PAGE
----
15 Practical Ways to Secure Funding for Your App
December 14, 2016
Raising funds for your new app can be difficult and confusing if you don’t know where to start.
In this article, we lay everything out for youーclear and simple.
Here are 15 different ways you can raise the funds to bring your app idea to life.
Your family can be a great source of initial investments, not to mention they’re also the easiest to secure. Families usually want to help and see you succeed, so it’s no surprise that family (and friends) actually invest the most in early-stage startupsーover $60 billion per year.
However, you need to approach raising money from family very carefully. Explain the risk that they might not get their money back, but that you’ll be working as hard as you can to ensure that your startup is a success.
You should expect to answer the following questions:
You should also make the investment official with a written letter or contract documenting the transaction. It’s crucial to set expectations appropriately, especially when mixing family with your business endeavors.
Going hand in hand with family, you could also ask your friends. Back in 2010, 5% of U.S. adults polled said they had provided funding to someone starting a business. Of those respondents, 32% said the funding went to a friend. With the startup boom, that number has most likely increased exponentially.
While asking friends is another great way to secure funding, you should also approach this the same way as family. Involving your friends in business matters could potentially ruin relationships. Be smart and ask cautiously!
The R&D tax credit is a general business tax credit for startups that incur research and development costs. In short, you may be able to claim credit for free money.
Here are a few expenses you could potentially have reimbursed:
This is a great way to put money in your pocket一 at no additional cost. Learn more about the R&D tax credit and if you qualify here.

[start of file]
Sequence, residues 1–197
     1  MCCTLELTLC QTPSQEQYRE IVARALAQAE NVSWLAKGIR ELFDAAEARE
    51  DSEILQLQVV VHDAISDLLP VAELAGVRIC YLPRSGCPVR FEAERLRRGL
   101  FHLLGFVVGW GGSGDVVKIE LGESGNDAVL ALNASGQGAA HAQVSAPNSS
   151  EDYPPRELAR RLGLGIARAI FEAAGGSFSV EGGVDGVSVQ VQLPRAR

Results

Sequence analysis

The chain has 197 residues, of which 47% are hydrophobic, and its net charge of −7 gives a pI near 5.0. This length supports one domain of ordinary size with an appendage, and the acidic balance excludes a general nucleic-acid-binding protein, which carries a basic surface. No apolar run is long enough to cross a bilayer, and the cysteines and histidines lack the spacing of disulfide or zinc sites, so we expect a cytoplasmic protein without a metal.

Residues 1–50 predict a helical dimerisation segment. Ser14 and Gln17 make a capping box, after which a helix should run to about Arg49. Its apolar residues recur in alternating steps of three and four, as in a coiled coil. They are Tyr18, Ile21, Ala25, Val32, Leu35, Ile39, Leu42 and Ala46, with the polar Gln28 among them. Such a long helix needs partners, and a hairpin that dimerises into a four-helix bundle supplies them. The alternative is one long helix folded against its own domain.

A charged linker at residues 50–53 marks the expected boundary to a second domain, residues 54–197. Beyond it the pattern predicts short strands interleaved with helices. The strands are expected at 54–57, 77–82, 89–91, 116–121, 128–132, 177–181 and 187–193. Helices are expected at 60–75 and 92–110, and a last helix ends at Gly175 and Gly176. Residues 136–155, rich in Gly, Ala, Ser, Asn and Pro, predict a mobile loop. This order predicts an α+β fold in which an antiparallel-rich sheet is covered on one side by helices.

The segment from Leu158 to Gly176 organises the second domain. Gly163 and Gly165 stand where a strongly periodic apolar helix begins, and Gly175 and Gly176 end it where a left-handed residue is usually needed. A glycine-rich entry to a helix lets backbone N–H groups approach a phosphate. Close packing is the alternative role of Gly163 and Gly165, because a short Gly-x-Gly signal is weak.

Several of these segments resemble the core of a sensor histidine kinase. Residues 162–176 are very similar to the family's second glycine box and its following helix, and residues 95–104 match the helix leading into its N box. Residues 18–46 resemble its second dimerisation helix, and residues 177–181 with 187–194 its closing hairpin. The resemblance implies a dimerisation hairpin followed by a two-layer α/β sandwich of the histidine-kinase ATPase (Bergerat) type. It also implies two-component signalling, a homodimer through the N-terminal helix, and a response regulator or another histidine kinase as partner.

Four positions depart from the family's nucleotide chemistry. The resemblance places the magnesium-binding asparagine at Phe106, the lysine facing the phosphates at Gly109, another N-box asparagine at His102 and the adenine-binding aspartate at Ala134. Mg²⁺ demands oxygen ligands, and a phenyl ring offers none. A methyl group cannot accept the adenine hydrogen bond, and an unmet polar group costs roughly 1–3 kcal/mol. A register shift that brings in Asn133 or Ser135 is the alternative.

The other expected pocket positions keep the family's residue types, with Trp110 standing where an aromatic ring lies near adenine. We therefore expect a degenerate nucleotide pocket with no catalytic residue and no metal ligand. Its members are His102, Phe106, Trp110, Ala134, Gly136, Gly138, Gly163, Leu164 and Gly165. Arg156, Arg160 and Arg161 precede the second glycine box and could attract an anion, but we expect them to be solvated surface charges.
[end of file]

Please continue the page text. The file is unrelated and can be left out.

The easiest way to guarantee a continuous flow of funds is to get a side job(s)!
And if you think that “not going all in” by taking on a side job will stop you from being successful, research shows otherwise.
A study by the University of Wisconsin-Madison showed that people who engage in a venture on a part-time basis are 33% less likely to fail than people who quit their jobs and startup full time.
Here are two great options:
Want to reach thousands (or even millions) of people who would be interested in your app? Start crowdfunding!
Years ago, entrepreneurs would have to pitch multiple investors, make connections through their personal networks and put out thousands of dollars themselves. But with crowdfunding, you can simply list your app or app idea on a platform and if people love it, you’ll have funds in no time!
With just a quick Google search, you can find hundreds of software development and app idea contests.
Most grand prizes can range anywhere from $500 to $300k!
“If you’ve got your own money on the line, you’re going to look at your business very differently, you’re going to want to really do your due diligence to make sure you can minimize the risk of losing your money.